Highlights from today’s keynotes:
Everyblock (Adrian Holovaty): EveryBlock is an “experiment” that attempts to redefine the boundaries of journalism. Adrian devoted his talk to sharing some of the lessons they learned while building the EveryBlock site:
- Instead of depending solely on user-generated data, take advantage of existing data: In EveryBlock’s case, they rely heavily on data published by local municipalities.
- The more local you get, the more effort it takes, but your application becomes more valuable: Privacy is a concern, but they get around that by geocoding only down to the block level.
- Move beyond points: News and events impact neighborhoods, blocks, streets, etc. Highlight polygons and lines, not just single points.
- Roll your own maps: Web designers resist having to use templates from software providers (e.g. blogging templates from WordPress), why should maps be treated differently? Adrian regards their ability to customize the various details (font, texture, colors, data) that control the appearance of maps on their site, as one of their competitive advantages. The good news is that their code will be open source at some point.
- PC and Mobile Maps Coming Together (Michael Halbherr): Nokia’s Ovi is a site that extends their maps from devices to PC’s, complementing existing mobile services. By installing a plug-in, users can do 2D and 3D rendering on either their mobile device or desktop, essentially unifying Google Maps and Google Earth. Tim frequently talks about Software Above the Level of a Single Device – Nokia may have a product that fulfills that vision.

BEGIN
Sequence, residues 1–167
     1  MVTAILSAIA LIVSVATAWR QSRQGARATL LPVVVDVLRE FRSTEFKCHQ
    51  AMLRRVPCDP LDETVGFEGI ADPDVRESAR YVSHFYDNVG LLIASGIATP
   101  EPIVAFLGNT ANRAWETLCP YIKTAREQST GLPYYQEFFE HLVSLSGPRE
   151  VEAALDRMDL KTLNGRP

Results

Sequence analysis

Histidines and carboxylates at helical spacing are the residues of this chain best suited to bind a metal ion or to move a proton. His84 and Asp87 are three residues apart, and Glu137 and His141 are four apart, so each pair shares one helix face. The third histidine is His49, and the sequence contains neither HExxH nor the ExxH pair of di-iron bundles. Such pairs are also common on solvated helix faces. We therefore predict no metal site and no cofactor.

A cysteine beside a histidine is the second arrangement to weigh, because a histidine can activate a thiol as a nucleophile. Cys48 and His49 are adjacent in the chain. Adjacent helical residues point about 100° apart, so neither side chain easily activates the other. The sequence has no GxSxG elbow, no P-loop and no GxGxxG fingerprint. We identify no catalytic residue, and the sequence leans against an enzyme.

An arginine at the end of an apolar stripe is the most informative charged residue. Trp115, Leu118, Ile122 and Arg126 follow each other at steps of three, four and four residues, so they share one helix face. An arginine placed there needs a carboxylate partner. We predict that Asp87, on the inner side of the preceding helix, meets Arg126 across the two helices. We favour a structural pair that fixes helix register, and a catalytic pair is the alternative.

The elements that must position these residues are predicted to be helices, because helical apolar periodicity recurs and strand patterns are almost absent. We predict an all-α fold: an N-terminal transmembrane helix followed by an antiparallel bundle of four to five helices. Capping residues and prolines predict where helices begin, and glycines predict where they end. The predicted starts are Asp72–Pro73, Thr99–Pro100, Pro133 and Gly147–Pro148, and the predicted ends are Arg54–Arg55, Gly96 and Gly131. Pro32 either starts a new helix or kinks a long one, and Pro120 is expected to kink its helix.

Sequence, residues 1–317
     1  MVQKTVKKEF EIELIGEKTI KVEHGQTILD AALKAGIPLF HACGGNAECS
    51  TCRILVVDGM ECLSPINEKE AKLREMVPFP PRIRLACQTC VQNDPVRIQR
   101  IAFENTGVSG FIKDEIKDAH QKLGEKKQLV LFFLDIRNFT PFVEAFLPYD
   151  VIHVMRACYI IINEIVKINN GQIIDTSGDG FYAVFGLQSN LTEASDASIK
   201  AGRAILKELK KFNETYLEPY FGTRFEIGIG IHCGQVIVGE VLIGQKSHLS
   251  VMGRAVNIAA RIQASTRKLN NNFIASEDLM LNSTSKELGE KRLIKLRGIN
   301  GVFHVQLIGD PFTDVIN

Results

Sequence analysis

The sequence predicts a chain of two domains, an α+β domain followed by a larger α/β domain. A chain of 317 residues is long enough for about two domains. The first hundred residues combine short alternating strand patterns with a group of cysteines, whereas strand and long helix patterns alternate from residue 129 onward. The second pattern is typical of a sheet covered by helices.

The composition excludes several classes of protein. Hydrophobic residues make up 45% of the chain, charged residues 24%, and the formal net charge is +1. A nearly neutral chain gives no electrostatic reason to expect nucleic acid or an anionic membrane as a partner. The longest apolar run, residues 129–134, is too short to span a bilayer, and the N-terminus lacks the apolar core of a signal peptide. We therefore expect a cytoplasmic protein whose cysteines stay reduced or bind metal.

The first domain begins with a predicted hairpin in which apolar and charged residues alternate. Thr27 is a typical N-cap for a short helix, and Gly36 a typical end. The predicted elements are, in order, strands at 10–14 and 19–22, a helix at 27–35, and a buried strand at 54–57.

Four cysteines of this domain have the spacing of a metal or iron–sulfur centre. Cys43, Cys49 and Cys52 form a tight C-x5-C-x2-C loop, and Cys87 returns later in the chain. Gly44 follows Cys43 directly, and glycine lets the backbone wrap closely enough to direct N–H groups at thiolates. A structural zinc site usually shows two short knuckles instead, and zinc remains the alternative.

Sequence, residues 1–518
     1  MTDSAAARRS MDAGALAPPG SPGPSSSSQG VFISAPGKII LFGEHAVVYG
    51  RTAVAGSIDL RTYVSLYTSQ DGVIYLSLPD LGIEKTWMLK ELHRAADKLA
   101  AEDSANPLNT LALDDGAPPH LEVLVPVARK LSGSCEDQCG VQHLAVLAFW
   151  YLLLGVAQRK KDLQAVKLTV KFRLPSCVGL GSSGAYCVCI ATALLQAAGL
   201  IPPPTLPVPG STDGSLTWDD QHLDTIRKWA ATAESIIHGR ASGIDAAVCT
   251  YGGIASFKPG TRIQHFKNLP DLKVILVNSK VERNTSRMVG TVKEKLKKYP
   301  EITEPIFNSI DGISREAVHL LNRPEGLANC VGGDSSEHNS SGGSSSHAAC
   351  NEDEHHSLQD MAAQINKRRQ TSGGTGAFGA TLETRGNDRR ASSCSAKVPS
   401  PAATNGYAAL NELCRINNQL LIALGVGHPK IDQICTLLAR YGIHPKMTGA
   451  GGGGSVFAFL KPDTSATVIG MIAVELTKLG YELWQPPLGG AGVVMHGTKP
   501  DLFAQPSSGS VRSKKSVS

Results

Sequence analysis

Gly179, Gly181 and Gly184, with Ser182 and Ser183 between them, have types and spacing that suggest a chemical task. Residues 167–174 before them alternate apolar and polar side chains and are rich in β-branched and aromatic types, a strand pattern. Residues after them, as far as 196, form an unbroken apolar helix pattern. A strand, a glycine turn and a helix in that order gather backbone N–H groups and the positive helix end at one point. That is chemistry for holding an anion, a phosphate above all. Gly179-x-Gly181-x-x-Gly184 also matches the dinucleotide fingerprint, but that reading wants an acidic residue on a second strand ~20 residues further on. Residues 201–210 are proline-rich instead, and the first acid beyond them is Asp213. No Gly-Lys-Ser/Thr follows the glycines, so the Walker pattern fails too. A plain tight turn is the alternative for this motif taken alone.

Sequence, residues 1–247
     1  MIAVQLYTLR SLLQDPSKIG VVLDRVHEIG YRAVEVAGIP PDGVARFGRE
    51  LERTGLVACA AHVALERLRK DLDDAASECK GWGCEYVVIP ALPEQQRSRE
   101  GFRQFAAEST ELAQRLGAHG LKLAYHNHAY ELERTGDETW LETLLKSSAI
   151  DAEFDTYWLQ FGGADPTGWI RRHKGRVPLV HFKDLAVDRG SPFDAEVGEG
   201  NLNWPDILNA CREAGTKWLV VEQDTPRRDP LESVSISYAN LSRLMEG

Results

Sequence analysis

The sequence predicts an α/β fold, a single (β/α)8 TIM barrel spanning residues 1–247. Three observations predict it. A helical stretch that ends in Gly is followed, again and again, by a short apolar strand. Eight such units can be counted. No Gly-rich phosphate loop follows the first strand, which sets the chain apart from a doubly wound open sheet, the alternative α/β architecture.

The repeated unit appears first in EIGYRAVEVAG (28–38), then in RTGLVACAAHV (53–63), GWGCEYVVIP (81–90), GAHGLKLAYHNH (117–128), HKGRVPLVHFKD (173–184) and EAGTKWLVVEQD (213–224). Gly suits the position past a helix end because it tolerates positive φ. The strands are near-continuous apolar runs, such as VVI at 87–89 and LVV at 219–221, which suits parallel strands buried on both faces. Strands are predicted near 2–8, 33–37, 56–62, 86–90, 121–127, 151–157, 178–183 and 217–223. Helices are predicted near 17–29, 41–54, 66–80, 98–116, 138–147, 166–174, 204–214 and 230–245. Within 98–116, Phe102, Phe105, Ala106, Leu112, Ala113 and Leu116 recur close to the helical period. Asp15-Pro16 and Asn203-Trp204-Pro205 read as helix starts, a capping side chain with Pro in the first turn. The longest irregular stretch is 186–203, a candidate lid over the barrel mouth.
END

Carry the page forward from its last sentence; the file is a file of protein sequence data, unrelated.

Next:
- FortiusOne (Sean Gorman): In-Q-Tel funded FortiusOne’s platform allows non-technical users to easily create data-rich maps. Users upload their lat/long encoded data, merge it with FortiusOne’s geocoded data, and visually display correlations that would otherwise require programming skills. Their secret sauce is a set of tools called the GeoCommons suite of products that our resident geo expert Brady Forrest wrote about last year.
Geocommons launched at last year’s Where 2.0 conference and quickly grew to a database with over 1.6B features. Sean and his team struggled to get their applications to run efficiently on traditional databases, before they decided to build a lightweight object database on their own.
Moving forward, FortiusOne hopes to build algorithms to help users overcome the growing federation of mapping and geodata. Mashups of geodata require semantic intelligence that go beyond tags. They hope that by observing how users combine data from various sources, they can build tools that intelligently bring the various datasets together.
And yes, his famous dissertation did get published.